Video TPP Agreed, But Faces Stiff Opposition

President Barack Obama promoted the Trans-Pacific Partnership on Tuesday, one day after 12 Pacific Rim nations reached the free trade deal in Atlanta. The controversial pact that would involve about 40 percent of global trade still needs approval by lawmakers in respective countries. Zlatica Hoke reports Obama is facing strong opposition to the deal, including from members of his own party.

Video Clinton Seeks to Boost Image Before Upcoming Debate

The five announced Democratic party presidential contenders meet in their first debate next Tuesday in Las Vegas, Nevada. Former secretary of state Hillary Clinton continues to lead the Democratic field, but she is getting a stronger-than-expected challenge from Vermont Senator Bernie Sanders. VOA National correspondent Jim Malone has more from Washington.

Video Music Brings Generations Together

When musicians over the age of 50 headline a rock concert, you expect to see baby boomer fans in the audience. Boomer rock stars have boomer fans. Millennial rock stars have millennial fans. But this isn’t always the case. Take the Lockn’ Music festival which took place in mid-September in rural Arrington, Virginia. Here, Jacquelyn de Phillips discovered two generations of people who are considered quite different in the outside world, spending 4 days together in music-loving harmony.

Video Ukranian Artist Portrays Putin in an Unusual Way

As Russian President Vladimir Putin was addressing the United Nations in New York last month, he was also being featured in an art exhibition in Washington. It’s not a flattering exhibit. It’s done by a Ukrainian artist in a unique medium. And its creator says it’s not only a work of art - it’s a political statement. VOA’s Tetiana Kharchenko has more.

Video South Carolina Reels Under Worst-ever Flooding

South Carolina is reeling from the worst flooding in recorded history that forced residents from their homes and left thousands without drinking water and electricity. Parts of the state, including the capital, Columbia, received about 60 centimeters of rain in just a couple of days. Authorities warn that the end of rain does not mean the end of danger, as it will take days for the water to recede. Zlatica Hoke reports.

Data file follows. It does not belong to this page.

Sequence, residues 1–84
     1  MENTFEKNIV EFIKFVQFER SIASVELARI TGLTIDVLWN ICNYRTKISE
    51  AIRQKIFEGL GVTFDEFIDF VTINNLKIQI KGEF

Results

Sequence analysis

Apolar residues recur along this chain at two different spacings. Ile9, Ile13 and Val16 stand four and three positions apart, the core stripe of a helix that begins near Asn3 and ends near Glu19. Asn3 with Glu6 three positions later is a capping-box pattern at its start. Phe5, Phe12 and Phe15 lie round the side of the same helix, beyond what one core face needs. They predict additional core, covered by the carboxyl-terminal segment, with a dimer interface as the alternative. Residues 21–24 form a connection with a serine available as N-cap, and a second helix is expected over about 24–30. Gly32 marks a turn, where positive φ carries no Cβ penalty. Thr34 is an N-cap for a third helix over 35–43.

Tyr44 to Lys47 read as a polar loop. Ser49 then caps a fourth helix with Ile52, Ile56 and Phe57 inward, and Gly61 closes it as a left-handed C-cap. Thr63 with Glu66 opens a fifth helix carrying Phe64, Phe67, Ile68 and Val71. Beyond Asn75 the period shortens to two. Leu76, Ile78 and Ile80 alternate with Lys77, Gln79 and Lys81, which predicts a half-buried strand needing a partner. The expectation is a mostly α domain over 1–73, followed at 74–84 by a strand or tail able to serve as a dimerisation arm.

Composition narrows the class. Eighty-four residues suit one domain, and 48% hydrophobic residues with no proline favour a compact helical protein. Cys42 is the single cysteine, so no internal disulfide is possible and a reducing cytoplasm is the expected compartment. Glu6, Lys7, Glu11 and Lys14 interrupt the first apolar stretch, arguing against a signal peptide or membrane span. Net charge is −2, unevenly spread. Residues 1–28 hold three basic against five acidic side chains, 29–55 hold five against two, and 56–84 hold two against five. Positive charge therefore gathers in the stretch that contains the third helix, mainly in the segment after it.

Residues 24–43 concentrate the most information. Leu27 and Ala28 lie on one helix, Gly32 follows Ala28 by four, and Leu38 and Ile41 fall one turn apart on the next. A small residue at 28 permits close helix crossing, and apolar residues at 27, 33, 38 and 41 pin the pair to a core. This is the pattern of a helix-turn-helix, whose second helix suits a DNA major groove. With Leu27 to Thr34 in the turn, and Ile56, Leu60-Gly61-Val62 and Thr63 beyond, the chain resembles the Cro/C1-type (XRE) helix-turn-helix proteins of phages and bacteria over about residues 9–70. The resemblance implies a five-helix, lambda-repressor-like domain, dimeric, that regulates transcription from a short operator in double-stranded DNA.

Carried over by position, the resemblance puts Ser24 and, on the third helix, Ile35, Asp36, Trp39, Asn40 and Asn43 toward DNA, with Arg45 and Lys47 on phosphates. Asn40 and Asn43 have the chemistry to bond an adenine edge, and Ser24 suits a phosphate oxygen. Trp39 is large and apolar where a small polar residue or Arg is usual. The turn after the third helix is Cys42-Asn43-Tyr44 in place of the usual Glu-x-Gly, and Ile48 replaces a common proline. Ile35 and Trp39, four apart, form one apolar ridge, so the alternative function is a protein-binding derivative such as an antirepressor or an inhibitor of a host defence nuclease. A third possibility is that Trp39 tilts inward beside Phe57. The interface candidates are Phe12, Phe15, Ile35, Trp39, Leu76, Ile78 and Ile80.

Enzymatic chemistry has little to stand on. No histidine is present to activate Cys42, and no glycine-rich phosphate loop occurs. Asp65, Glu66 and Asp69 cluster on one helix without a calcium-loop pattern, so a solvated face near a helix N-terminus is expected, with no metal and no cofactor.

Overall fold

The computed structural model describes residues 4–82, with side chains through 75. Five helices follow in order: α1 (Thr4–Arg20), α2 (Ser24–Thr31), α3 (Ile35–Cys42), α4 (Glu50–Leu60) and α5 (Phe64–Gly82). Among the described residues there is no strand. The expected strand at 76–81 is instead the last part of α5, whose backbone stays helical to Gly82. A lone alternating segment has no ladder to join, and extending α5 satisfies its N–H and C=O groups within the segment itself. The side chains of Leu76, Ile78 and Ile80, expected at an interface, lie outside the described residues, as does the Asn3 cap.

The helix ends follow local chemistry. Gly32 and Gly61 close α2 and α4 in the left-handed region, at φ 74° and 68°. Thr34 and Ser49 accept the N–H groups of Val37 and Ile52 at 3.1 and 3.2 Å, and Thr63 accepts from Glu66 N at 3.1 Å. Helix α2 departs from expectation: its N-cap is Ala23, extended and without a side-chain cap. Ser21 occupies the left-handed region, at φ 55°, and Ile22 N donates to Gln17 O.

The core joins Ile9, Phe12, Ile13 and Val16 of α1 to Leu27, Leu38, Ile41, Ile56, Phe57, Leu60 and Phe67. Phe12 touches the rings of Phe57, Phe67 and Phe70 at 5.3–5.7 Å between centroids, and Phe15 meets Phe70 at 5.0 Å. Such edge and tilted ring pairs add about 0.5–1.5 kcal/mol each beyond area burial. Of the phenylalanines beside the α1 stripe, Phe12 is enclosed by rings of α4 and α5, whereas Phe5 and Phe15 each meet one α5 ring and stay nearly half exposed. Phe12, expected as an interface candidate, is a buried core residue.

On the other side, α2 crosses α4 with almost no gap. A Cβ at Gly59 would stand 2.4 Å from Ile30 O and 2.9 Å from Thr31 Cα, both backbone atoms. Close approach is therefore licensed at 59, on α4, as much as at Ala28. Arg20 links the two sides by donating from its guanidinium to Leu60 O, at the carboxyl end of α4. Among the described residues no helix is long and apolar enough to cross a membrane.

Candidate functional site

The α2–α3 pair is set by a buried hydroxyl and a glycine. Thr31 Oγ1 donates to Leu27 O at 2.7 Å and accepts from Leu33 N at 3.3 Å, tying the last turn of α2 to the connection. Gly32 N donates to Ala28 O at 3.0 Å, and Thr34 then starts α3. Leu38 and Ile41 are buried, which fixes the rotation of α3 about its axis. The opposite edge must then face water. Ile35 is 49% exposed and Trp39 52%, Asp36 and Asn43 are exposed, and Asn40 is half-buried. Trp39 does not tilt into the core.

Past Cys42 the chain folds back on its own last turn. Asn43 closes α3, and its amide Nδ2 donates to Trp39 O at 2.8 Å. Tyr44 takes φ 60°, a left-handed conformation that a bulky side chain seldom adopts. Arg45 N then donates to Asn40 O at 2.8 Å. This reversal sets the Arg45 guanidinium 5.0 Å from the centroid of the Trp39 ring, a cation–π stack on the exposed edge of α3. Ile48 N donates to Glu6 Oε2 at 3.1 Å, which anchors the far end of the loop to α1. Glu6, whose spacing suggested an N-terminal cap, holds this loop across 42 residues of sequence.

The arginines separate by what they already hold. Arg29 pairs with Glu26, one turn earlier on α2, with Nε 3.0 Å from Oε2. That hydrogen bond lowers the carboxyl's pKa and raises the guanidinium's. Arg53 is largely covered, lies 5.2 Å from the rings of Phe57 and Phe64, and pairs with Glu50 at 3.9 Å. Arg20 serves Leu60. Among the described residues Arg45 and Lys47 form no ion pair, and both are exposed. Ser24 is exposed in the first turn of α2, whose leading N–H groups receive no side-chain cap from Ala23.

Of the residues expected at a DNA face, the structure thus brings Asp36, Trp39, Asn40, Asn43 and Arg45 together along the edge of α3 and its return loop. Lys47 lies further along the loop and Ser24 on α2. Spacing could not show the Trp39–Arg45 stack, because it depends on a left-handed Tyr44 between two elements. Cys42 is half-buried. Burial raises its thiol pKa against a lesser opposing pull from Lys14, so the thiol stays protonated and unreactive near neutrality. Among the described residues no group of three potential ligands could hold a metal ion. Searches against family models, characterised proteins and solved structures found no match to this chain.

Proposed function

Video Russia’s Syria Involvement Raising Concerns in Europe

European nations are joining the United States in demanding that Russia stop targeting opposition groups other than the Islamic State militants as Russian warplanes continue to conduct raids in Syria. The demand came in a statement from Britain, France, Germany, Qatar, Saudi Arabia, Turkey and the United States Friday. VOA Europe correspondent Luis Ramirez reports.

Video Nano-tech Filter Cleans Dirty Water

Access to clean water is a problem for hundreds of millions of people around the world. Now, a scientist and chemical engineer in Tanzania (in East Africa) is working to change that by creating an innovative water filter that makes dirty water safe. VOA’s Deborah Block has the story.

Video Demand Rising for Organic Produce in Cambodia

In Cambodia, where rice has long been the main cash crop, farmers are being encouraged to turn to vegetables to satisfy the growing demand for locally produced organic farm products. Daniel de Carteret has more from Phnom Penh.

Video Botanists Grow Furniture, with Pruning Shears

For something a bit out of the ordinary to furnish your home, why not consider wooden chairs, crafted by nature, with a little help from some British botanists with an eye for design. VOA’s Jessica Berman reports.

VOA Blogs